Electrons and God: knowing and not
They say that electrons are mysterious to scientists. No one doubts their existence – their effects are obvious in every atom, but they are mysterious. According to something they call the Heisenberg uncertainty principle both the position and momentum of electrons cannot be known. “That is, the more precisely one property is known, the less precisely the other can be known. It is impossible to measure simultaneously both position and velocity of” electrons (Wikipedia).
Certain and Mysterious
Why does that make me think of God? That combination of certain and yet mysterious existence, of knowability and unknowability is the uncanny reality we live with. This is Trinity Sunday on which we celebrate the fact that God is Three in One and One in Three. But before you eyes glaze over, let me assure you that this will not be an abstract theological reflection. Today we will be about as practical as it gets. We need to have scientists to figure out the Heisenberg uncertainty principle as well as theologians to puzzle out the Trinity. But we also need the practical benefits of both science and theology; we need the electron microscope to help our doctors treat us effectively, and we need this mysterious Trinitarian God in our lives.
Meaning through an honest story
The beautiful thing about our faith is that though it is mysterious and complex, we engage it at the level of story first, not doctrine first. The doctrines, like the Trinity, are there to help us understand the meaning of our story. The story is where the meaning starts.
Our story is an honest one. Our story is not about a magical world of peace, prosperity and security – like an eternal Garden of Eden. Our story started there but left it after one brief chapter. From Adam and Eve, walking with God in the cool of the evening, to Cain and Able’s R-rated scene, our story quickly included blood and violence, family dysfunction, envy, jealousy, deceit, fratricide, and expulsion; from blessing to curse in one chapter. Our story is also about God who has stuck with this world through every nasty scene it has played, and is still involved in that electron-like, certain/mysterious way.
God’s work in this world reminds me of a comment my first boss made about me when I started working. He said, “You will be a good employee because…” and I felt immediately proud of myself, imagining the next words out of his mouth would be something like “…because you are so diligent or careful, or skillful” but no. He said, “…because you are not afraid to get your hands dirty.” Real work gets you messed up most of the time. God’s work in this world has meant that he has had to come down to where we are and get dirty. Our story is the story of God becoming a human – but not like the Greek gods who just appear in human form and then go back up to Mt. Olympus with clean clothes; our story is of God really becoming fully huma certain but mysterious. God became a person, Jesus, who walked, fished, slept, and washed his hands and ate supper, and who bled when he was cut, and cried out in pain when he was beaten.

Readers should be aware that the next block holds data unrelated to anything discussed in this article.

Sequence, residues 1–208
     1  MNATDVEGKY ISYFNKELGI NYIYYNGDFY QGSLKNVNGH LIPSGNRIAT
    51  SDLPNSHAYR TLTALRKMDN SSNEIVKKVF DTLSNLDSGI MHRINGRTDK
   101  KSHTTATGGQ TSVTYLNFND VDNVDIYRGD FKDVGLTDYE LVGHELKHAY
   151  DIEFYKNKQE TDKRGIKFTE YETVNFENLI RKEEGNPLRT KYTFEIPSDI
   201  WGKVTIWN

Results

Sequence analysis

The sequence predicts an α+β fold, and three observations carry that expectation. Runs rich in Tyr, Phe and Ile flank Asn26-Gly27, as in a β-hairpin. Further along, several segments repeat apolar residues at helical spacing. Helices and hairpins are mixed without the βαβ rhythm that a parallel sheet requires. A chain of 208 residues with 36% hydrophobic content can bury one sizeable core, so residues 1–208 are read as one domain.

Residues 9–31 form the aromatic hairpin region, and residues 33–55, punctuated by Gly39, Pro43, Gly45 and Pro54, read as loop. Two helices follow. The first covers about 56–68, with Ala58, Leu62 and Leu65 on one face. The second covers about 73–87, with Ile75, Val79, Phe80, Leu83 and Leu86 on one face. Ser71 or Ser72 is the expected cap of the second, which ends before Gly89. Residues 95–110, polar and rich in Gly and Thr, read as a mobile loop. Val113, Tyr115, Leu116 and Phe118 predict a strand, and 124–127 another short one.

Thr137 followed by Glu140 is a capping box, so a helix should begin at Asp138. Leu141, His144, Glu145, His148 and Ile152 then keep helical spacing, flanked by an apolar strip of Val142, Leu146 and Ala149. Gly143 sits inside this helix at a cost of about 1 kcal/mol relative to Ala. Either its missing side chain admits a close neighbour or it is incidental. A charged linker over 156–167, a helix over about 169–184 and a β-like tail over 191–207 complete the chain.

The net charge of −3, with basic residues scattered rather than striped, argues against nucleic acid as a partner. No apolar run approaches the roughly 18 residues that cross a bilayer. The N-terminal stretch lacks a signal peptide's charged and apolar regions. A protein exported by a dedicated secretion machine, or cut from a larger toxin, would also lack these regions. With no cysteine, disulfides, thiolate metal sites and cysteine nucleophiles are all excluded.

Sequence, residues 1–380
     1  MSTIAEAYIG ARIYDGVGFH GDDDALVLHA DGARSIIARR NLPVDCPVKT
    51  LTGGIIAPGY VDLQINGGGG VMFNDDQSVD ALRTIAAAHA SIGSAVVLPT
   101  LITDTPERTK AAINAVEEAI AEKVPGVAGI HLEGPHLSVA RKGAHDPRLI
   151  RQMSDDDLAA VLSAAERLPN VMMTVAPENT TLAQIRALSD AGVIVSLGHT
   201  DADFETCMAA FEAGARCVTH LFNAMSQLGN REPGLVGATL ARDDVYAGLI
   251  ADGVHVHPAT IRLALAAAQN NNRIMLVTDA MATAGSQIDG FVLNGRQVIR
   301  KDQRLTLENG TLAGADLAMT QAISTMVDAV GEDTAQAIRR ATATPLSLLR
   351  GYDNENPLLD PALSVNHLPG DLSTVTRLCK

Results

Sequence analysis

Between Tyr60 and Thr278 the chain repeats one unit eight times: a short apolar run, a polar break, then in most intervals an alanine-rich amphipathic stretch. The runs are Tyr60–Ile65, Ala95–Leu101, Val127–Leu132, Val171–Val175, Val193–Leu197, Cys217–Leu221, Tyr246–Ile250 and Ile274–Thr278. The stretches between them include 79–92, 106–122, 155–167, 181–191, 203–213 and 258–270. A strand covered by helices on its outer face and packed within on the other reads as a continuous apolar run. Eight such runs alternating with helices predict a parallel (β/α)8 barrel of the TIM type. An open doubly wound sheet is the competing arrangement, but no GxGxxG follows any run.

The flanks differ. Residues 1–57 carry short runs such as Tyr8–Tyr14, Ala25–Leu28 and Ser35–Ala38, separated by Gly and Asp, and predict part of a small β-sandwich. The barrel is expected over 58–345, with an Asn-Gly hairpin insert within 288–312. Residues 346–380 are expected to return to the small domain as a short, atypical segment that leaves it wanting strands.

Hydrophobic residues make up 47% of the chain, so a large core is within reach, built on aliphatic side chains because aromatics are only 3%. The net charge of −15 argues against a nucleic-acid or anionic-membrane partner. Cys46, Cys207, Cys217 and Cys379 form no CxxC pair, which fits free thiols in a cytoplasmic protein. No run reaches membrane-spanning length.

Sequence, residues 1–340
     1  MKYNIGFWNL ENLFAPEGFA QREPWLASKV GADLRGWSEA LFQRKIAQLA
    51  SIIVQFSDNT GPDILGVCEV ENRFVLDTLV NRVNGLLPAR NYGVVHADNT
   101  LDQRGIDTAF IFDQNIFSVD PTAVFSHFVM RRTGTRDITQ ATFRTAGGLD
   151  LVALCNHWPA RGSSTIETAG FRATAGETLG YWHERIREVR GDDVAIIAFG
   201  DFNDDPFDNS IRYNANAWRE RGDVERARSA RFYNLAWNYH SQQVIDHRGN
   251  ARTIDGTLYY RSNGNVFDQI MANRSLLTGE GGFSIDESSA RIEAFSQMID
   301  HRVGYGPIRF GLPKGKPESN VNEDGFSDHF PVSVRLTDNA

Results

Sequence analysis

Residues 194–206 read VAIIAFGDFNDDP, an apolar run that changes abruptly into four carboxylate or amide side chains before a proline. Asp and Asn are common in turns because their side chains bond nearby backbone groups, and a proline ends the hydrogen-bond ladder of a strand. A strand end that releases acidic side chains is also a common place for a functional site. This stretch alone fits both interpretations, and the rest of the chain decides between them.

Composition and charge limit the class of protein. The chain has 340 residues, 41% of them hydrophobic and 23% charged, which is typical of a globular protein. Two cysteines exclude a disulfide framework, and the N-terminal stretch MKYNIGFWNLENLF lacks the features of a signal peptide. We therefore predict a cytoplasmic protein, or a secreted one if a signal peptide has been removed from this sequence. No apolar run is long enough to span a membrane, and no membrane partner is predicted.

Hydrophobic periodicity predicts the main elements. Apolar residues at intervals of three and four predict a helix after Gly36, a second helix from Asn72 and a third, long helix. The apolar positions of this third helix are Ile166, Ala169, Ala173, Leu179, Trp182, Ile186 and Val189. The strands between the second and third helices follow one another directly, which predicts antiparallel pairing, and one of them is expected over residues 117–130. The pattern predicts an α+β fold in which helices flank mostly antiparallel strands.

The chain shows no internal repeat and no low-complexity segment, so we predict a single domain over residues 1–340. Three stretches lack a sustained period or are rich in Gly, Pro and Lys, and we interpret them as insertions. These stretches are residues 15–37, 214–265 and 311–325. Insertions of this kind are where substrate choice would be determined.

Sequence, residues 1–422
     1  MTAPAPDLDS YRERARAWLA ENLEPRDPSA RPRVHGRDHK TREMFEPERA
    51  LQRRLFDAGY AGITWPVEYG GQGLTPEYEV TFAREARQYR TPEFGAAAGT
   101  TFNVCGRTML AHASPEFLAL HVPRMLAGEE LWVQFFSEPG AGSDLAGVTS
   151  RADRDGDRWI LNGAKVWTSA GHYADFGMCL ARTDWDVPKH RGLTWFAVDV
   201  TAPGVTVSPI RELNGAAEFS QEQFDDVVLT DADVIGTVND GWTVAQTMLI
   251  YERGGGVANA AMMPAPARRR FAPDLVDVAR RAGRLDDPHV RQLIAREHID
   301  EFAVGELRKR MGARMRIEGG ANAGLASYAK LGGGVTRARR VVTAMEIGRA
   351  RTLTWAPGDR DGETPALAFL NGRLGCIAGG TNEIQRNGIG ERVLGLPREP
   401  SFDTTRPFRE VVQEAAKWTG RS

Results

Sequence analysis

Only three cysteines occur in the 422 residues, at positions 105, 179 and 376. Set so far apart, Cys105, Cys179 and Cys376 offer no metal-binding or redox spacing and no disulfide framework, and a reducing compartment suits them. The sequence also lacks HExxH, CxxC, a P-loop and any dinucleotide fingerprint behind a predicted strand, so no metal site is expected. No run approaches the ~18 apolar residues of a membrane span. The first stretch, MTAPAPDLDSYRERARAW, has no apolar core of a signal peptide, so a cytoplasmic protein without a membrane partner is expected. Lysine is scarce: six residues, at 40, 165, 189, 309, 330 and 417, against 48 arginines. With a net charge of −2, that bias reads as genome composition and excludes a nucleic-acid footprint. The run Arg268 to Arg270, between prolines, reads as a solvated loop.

Knowing that story help us when the scenes played out down here get really dirty. We believe that God does not turn his back on this world in disgust and revulsion, even when we are at our human worst – even in times like the 1940’s.
Yesterday was the 65th anniversary of the D-Day landings on June 6, 1944. Some of you lived a part of that story that I only know from school and from films. I was born into a world that was set free of demonic Nazi ideology and from other fascisms, thanks to the sacrifice of many. I have visited and Auschweitz and Birkenau – if I were God, that would have been too much for me – but God’s involvement did not stop – and he was not absent from Omaha beach, nor the cliffs of Normandy. He is not absent from Pakistan’s Swat valley, nor from Anbar province, nor the West Bank. He is not absent from Golden Living nor from the ICU, nor even from my room in the middle of the night. He is not afraid to get his hands dirty in ways that are completely mysterious to me.
The redemption story
Let us look at the texts before us today. Our story is not a moral tale like Aesop’s fables; our story is a redemption story, which makes all the difference. It is helpful to hear stories with “lessons for life” to help us get through the world we were born into with all of its choices and chances for messing up. It is quite another thing, however, to have a story that does something about the condition we have been born into and offer some hope. Our story does offer hope.